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Korean J Parasitol > Volume 55(1):2017 > Article
Song, Dong, Qiu, Jing, Zhu, Liu, Jiang, Wu, Wang, Miao, and Shao: Potential Vaccine Targets against Rabbit Coccidiosis by Immunoproteomic Analysis

Abstract

The aim of this study was to identify antigens for a vaccine or drug target to control rabbit coccidiosis. A combination of 2-dimensional electrophoresis, immunoblotting, and mass spectrometric analysis were used to identify novel antigens from the sporozoites of Eimeria stiedae. Protein spots were recognized by the sera of New Zealand rabbits infected artificially with E. stiedae. The proteins were characterized by matrix-assisted laser desorption ionization time of flight mass spectrometry (MALDI-TOF/TOF-MS) analysis in combination with bioinformatics. Approximately 868 protein spots were detected by silver-staining, and a total of 41 immunoreactive protein spots were recognized by anti-E. stiedae sera. Finally, 23 protein spots were successfully identified. The proteins such as heat shock protein 70 and aspartyl protease may have potential as immunodiagnostic or vaccine antigens. The immunoreactive proteins were found to possess a wide range of biological functions. This study is the first to report the proteins recognized by sera of infected rabbits with E. stiedae, which might be helpful in identifying potential targets for vaccine development to control rabbit coccidiosis.

INTRODUCTION

Rabbit as an animal model have been widely used for experimental researches. Coccidiosis is one of the most important diseases in rabbit breeding, which is a highly contagious infection and caused by several species of Eimeria [1]. Eimeria stiedae is one of the most pathogenic species in domestic rabbits [2]. E. stiedae parasitizes the bile duct epithelial cells which causes severe liver coccidiosis, resulting in enormous economic losses [3]. General clinical symptoms include reduced food consumption, slow growth, diarrhea, and even death of a large number of rabbits [4,5].
Because no vaccines are yet available, the control of rabbit coccidiosis is primarily based on careful management combined with prophylactic medication in feed or water [6]. However, the present methods for the control of rabbit coccidiosis face the problems of the rise of drug resistance, high cost of new drug development, and societal pressure against use of the chemicals [79]. These have prompted the development of new control strategies against rabbit coccidiosis, and an efficient vaccine that can prevent rabbit coccidiosis is urgently needed. Recent efforts are therefore directed towards the development of recombinant vaccines against coccidiosis [1012].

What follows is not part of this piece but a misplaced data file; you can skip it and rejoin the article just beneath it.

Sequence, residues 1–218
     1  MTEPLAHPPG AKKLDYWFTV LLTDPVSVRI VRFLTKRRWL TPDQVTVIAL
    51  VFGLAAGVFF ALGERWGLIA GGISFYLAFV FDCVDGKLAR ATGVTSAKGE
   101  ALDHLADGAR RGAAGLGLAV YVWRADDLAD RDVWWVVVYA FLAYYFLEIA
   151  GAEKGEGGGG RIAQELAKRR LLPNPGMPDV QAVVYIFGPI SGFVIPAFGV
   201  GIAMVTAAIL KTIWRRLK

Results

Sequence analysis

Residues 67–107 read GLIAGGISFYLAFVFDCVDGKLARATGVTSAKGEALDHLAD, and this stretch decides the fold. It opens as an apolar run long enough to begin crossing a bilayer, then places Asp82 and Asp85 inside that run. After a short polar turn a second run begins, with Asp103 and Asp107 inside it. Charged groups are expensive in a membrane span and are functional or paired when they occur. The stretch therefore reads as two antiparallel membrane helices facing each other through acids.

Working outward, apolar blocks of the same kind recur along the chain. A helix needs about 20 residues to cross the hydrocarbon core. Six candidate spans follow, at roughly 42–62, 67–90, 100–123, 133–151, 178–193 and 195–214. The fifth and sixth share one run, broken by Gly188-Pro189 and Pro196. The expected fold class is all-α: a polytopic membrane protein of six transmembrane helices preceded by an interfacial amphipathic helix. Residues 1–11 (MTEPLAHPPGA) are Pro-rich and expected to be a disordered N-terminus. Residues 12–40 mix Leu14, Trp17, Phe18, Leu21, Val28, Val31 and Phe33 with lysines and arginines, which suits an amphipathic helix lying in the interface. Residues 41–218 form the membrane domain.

Immunoproteomic analysis is a powerful technique for high-throughput detection to identify novel potential antigens [13]. This methodology had been applied to identify immunoreactive antigens in parasites such as Toxoplasma gondii, Neospora caninum, Haemonchus contortus, and Brugia malayi [1419]. Nevertheless, very few studies of coccidian infection in rabbits have been done, and most were restricted only to histopathology, biochemistry, and treatment of hepatic coccidiosis due to E. stiedae [2022]. In the present study, we first used an immunoproteomics approach to identify potential immunoreactive proteins of E. stiedae. The results might be helpful in identifying potential new vaccine candidates or drug targets to control rabbit coccidiosis.

MATERIALS AND METHODS

Collections of parasites and immmue sera

Oocysts of E. stiedae (Jiangsu strain) were propagated and maintained by passage through coccidian-free New Zealand rabbits in the Laboratory Animal Center of Nantong University, Nantong, China. Oocysts were purified from the livers of infected rabbits by floating in sucrose solution and were enumerated by hemocytometer. All animal experiments were performed in compliance with the Institutional Animal Care and Use Committee of Nantong University and national regulations and policies (no. 20150605–001).
Twelve 6-week-old healthy New Zealand rabbits, weighing 1–1.5 kg were used. Six New Zealand rabbits reared coccidian-free were orally infected with individual doses of 1×104 sporulated oocysts of E. stiedae. The rabbits were challenged 3 times at 2-week intervals with 5,000 sporulated oocysts per rabbit. Blood samples were obtained from rabbits by cardiac puncture 2 weeks after the last infection. Sera were collected from the samples, aliquoted, and stored at −80°C until used. Six unchallenged rabbits were reared in the same condition. All rabbits were fed ad libitum and free water. A cycle of 12-hr light and 12-hr dark was used throughout the experiment.

Preparation of protein extracts and 2-dimensional gel electrophoresis (2-DE)

Sporozoites of E. stiedae were purified from sporulated oocysts, and soluble proteins were prepared as described previously [13,18]. Briefly, the sporulated oocysts were sonicated in an ice box, and the pellet was resuspended in a lysis buffer. Sporozoites were excysted and then purified on a cotton column (2 cm) to eliminate encysted sporocysts and oocysts. The sporozoite pellet was then concentrated and purified with the ReadyPrep 2-D Cleanup Kit (Bio-Rad, Hercules, California, USA). Protein concentration was determined by the Bradford method using Bio-Rad protein assay (Bio-Rad). Samples of aliquots were stored at −80°C until use.
The purified proteins (200 μg) were separated by isoelectric focusing (IEF) on non-linear IPG strips (pH 3–10; 13 cm) (GE Healthcare, Little Chalfont, UK). The IEF was carried out under the following step: 500 V for 1 hr, 1,000 V for 1 hr, then 8,000 V for 10 hr to reach a total of 60,000 Vh. After completion of IEF, the second dimensional separation was carried in 12.5% polyacrylamide gel using the Multiphor system (Amersham Biosciences, Amersham, UK). Gels were fixed overnight in a fixing solution and stained by the silver-staining method. Each sample was repeated 3 times.

Immunoblot analysis and in-gel digestion